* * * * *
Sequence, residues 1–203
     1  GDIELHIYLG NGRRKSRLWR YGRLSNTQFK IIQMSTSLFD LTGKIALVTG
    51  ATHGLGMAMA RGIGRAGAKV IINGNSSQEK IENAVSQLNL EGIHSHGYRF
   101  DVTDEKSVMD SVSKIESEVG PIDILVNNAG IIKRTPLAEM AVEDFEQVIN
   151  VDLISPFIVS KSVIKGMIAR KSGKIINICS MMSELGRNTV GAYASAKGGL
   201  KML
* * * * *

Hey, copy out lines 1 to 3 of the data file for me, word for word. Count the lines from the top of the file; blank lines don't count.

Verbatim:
Sequence, residues 1–203
     1  GDIELHIYLG NGRRKSRLWR YGRLSNTQFK IIQMSTSLFD LTGKIALVTG
    51  ATHGLGMAMA RGIGRAGAKV IINGNSSQEK IENAVSQLNL EGIHSHGYRF